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4. with axon collateral

AXONS

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5. axoplasm with SER, RER, mitochondria

AXONS

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8. Initial segments for site if various excitatory and inhibitory stimuli

AXONS

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7. terminates into axon terminals

AXONS

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6. membrane is called axolemma

AXONS

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- many dendrites and one axon
ex. neurons in the CNS



1. Multipolar neuron

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- one axon and one dendrite
ex. neurons in the retina of the eye and neurons in the nasal cavity

2. Bipolar neuron

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- one process extending from the cell body that divides into an
axon and dendrite
ex. Spinal and cranial ganglia

3. Unipolar neurons (pseudounipolar)

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>Protect and support neurons
>Do not conduct impulses or form impulses or form synapses
>Cell Division
>Revealed only in histologic sections by special gold and silver stains

neuroglial cells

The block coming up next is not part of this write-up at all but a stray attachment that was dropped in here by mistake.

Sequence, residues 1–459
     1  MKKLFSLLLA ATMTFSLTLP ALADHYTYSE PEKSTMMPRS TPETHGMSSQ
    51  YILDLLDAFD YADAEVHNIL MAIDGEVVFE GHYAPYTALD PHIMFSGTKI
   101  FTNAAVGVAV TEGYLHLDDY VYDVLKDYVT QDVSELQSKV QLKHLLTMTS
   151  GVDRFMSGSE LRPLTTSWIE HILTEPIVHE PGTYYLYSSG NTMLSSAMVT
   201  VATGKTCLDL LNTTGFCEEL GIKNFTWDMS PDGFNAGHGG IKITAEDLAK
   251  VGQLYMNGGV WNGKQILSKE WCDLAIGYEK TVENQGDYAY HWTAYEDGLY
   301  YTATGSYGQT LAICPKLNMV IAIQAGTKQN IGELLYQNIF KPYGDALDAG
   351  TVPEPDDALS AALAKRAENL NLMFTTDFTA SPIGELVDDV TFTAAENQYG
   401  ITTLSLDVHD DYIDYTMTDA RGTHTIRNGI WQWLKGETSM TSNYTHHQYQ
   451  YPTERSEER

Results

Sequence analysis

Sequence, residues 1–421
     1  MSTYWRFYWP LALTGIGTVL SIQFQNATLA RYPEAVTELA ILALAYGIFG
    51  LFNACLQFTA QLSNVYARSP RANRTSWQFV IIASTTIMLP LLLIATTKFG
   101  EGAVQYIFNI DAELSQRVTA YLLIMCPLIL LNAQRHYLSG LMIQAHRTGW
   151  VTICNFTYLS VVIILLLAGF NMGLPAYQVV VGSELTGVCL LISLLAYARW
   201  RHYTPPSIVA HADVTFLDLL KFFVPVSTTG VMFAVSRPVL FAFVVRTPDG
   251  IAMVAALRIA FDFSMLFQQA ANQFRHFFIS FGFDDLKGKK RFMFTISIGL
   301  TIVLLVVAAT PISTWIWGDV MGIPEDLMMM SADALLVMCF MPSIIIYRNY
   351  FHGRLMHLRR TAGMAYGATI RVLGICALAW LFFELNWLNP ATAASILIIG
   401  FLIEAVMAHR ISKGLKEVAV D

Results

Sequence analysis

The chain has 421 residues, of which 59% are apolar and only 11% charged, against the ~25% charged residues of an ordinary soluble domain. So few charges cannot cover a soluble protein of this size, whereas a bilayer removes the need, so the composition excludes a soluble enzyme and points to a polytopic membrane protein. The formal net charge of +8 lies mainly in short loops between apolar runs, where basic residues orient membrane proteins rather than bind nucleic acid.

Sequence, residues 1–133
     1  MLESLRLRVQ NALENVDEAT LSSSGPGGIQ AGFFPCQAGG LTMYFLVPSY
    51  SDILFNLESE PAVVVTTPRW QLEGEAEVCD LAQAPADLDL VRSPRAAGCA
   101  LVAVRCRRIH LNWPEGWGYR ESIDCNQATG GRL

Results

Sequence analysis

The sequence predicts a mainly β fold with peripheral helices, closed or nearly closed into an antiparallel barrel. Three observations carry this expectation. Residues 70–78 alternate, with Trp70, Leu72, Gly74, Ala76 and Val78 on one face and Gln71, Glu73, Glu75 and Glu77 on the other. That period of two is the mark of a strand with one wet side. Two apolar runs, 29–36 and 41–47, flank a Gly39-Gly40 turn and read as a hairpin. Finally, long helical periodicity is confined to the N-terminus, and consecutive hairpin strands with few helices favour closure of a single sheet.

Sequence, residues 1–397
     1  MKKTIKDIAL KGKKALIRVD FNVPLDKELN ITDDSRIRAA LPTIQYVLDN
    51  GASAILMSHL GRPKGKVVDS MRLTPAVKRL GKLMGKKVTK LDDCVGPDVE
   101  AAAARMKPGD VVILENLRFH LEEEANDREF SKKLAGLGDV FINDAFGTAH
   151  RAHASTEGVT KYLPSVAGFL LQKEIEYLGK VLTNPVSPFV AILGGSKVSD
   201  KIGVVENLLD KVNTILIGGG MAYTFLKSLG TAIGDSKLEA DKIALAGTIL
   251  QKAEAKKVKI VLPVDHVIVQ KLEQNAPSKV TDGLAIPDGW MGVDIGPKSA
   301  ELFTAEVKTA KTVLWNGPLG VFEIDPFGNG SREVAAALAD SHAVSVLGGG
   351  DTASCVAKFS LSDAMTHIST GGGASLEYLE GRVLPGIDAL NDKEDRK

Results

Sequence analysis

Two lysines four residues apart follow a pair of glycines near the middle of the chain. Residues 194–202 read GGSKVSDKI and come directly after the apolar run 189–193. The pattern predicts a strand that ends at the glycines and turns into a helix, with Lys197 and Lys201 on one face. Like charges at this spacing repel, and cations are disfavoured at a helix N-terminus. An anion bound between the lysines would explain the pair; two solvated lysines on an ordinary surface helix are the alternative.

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Are the largest of the neuroglial cells



astrocytes

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“perivascular feet” that surround blood vessels and pia matter

astrocytes

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glial cell
Supply energy for metabolism

astrocytes

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Forms a protective sealed barrier between the pia mater and the nervous tissue of the brain and spinal cord

astrocytes

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Scavenge ions or debris from neuronal activity

astrocytes

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glial cell
Structural support

astrocytes

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Form scar tissues after injury to CNS
(e.g cerebral infarct)

astrocytes

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Two types of Astrocytes

gray matter
branched processes envelop blood vessels, neurons and synaptic areas
Blood-brain barrier
With GFAP



Protoplasmic

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Two types of Astrocytes
white matter
Long slender processes

fibrous

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protects the CNS from fluctuating levels of electrolytes,hormones, and tissue metabolites
circulating in the blood vessels

The blood–brain barrier

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Live symbiotically with neurons in the CNS
Located both in gray and white matter

Oligodendrocytes

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Produces myelin that insulates and protects axons

Oligodendrocytes

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increases the speed of transmission of the action potential down the axon.